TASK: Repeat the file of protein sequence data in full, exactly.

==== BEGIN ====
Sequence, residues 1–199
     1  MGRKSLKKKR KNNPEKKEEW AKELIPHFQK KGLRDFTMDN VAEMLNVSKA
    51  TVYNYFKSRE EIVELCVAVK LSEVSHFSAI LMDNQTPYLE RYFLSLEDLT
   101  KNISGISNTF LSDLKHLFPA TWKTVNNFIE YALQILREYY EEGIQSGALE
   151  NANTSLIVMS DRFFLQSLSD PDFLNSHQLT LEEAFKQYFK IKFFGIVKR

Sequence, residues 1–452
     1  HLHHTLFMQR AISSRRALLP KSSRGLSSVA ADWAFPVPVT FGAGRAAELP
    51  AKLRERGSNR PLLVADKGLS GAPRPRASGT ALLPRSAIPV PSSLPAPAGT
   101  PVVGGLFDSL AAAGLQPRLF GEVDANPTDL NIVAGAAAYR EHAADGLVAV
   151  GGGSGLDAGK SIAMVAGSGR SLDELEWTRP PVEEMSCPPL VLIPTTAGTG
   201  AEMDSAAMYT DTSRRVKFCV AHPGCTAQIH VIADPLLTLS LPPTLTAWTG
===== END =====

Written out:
Sequence, residues 1–199
     1  MGRKSLKKKR KNNPEKKEEW AKELIPHFQK KGLRDFTMDN VAEMLNVSKA
    51  TVYNYFKSRE EIVELCVAVK LSEVSHFSAI LMDNQTPYLE RYFLSLEDLT
   101  KNISGISNTF LSDLKHLFPA TWKTVNNFIE YALQILREYY EEGIQSGALE
   151  NANTSLIVMS DRFFLQSLSD PDFLNSHQLT LEEAFKQYFK IKFFGIVKR

Sequence, residues 1–452
     1  HLHHTLFMQR AISSRRALLP KSSRGLSSVA ADWAFPVPVT FGAGRAAELP
    51  AKLRERGSNR PLLVADKGLS GAPRPRASGT ALLPRSAIPV PSSLPAPAGT
   101  PVVGGLFDSL AAAGLQPRLF GEVDANPTDL NIVAGAAAYR EHAADGLVAV
   151  GGGSGLDAGK SIAMVAGSGR SLDELEWTRP PVEEMSCPPL VLIPTTAGTG
   201  AEMDSAAMYT DTSRRVKFCV AHPGCTAQIH VIADPLLTLS LPPTLTAWTG